Sylvia Townsend Warner, Lolly Willowes (1926)

I noticed this book in the list made by Fleur Fisher for the Once Upon a Time challenge. I rarely read fantasy or fairy tales, but the sound of this title appealed to me so much that I couldn’t forget it. I was a bit disappointed to learn that Lolly was short for Laura (as a foreigner I never know where the nicknames come from) – but I was fascinated by the willows imagery and I was not disappointed.

From the back-cover I expected something about witchcraft, but there was a lot more to it! It’s light and deep at the same time, touching many themes, so that this review will barely scratched the surface of the book. It’s actually something of a witty feminist book that never takes itself seriously, even in its denunciation of women’s alienation. And the witchcraft does not only arrive late into the story, but seems peripheral and rather more of a symbol for female liberation than a real element of the plot. There’s no scary bit, even when the devil is involved, but instead we feel pity and alarm as, for the better half of the book, Lolly Willowes’ family only see her as a useful and dull spinster. Oh, they always mean well, but the weight of conventions in this family is so stifling that eccentric Lolly is turned into a little mousy aunt.

“Laura, feeling rather as if she were a family property forgotten in the will, was ready to be disposed of as they should think best.” After growing up as the beloved (but left to herself) daughter of a well-to-do gentleman-farmer, Lolly’s adulthood is spent living in London with her brother’s family, far from the countryside’s sensuality she so craves. Yet it takes her ages to be aware of her own desires and to rebel in her little mousy way.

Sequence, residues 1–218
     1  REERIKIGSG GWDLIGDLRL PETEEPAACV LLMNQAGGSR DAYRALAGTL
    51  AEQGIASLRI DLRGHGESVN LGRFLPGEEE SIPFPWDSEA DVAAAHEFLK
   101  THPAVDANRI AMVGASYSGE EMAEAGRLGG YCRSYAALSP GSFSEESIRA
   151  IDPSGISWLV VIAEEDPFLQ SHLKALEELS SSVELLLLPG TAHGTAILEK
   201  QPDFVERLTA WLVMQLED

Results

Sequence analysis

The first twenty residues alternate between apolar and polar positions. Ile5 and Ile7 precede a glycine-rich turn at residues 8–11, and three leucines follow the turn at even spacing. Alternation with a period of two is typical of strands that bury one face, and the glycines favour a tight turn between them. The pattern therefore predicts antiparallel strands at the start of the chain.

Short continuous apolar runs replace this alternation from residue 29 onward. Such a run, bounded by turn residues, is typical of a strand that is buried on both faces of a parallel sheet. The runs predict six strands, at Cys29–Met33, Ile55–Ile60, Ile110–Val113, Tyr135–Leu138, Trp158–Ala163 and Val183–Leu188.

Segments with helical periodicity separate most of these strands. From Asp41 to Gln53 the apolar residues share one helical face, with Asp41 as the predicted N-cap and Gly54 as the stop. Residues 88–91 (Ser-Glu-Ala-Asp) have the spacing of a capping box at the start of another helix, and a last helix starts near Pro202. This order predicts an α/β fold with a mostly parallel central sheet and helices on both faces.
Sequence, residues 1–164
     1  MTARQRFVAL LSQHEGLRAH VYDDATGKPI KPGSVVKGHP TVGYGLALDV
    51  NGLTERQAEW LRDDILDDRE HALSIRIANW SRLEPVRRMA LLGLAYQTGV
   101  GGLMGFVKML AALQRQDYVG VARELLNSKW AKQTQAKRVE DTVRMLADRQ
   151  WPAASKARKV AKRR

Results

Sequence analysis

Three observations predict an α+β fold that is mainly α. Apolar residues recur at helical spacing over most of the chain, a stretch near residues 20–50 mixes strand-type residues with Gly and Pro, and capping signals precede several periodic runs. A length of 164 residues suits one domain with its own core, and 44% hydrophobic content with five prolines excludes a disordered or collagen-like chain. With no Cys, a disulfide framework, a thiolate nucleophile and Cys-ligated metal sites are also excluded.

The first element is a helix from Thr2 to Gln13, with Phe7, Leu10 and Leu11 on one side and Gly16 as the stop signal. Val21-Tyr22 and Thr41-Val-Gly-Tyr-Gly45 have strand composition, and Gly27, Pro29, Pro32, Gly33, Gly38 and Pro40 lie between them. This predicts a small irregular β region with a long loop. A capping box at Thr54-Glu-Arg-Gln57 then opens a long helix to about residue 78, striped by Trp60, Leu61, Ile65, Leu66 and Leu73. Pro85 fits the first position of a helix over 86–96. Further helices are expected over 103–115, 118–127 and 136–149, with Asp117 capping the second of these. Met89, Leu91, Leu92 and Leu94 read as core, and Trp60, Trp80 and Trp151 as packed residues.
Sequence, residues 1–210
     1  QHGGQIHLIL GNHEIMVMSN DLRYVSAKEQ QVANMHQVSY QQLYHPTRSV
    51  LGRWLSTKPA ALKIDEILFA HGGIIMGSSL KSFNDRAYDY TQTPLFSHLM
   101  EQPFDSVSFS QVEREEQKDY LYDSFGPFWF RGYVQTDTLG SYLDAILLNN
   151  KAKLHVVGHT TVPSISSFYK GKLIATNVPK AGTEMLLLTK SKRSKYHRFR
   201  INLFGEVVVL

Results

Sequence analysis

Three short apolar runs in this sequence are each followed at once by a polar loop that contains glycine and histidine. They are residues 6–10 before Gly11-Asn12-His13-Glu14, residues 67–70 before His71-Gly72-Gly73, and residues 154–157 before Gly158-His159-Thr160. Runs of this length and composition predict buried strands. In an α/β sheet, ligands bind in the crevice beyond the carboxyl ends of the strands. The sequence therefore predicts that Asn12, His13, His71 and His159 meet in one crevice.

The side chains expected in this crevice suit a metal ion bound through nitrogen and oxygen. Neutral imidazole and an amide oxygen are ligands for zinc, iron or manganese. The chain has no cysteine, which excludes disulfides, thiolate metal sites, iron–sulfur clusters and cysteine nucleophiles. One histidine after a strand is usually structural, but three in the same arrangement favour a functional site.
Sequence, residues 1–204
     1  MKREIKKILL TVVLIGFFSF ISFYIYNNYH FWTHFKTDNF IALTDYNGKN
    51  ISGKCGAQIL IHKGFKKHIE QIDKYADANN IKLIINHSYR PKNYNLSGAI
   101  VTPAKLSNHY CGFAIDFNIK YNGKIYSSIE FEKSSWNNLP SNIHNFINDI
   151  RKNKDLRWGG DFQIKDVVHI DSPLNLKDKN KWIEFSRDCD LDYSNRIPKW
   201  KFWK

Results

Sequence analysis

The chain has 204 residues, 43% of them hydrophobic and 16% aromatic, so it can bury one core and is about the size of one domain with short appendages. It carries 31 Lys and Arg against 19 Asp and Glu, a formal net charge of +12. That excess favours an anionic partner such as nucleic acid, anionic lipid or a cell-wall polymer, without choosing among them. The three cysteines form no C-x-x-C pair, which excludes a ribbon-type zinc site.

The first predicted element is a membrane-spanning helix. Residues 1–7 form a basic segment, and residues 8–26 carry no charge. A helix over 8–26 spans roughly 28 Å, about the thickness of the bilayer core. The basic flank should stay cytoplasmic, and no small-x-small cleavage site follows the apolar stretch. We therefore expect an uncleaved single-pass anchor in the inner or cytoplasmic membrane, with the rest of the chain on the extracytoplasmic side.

The moment she announces her brother that she will leave them and settle down in the remote village of Great Mop (in the Chilterns) is no big feminist manifesto but a subtly ironic scene where the London family is convinced that their dull aunt is kidding them. Indeed, they growingly considered her an oddball not quite to be trusted, especially as they tried unsuccessfully to marry her off, attempts she didn’t even seem to understand. There’s this hilarious scene with a suitor, where we begin to sense that Townsend Warner’s critical eye for English social conventions veers off towards fantasy and sheer pleasures of the imagination:

Mr. Arbuthnot certainly was not prepared for her response to his statement that February was a dangerous month. “It is,” answered Laura with almost violent agreement. “If you are a were-wolf, and very likely you may be, for lots of people are without knowing, February, of all months, is the month when you are most likely to go out on a dark windy night and worry sheep.”

Sylvia Townsend Warner’s prose is gorgeous, and her depictions of British countryside reminded me of the great holidays I had last year in the Cotswolds. This book was indeed a very pleasant surprise and Lolly quite an attaching character. I wouldn’t mind having her as my aunt, and I would visit her in the Chilterns, never forgetting to feed her little black cat who might be, who knows, the devil himself.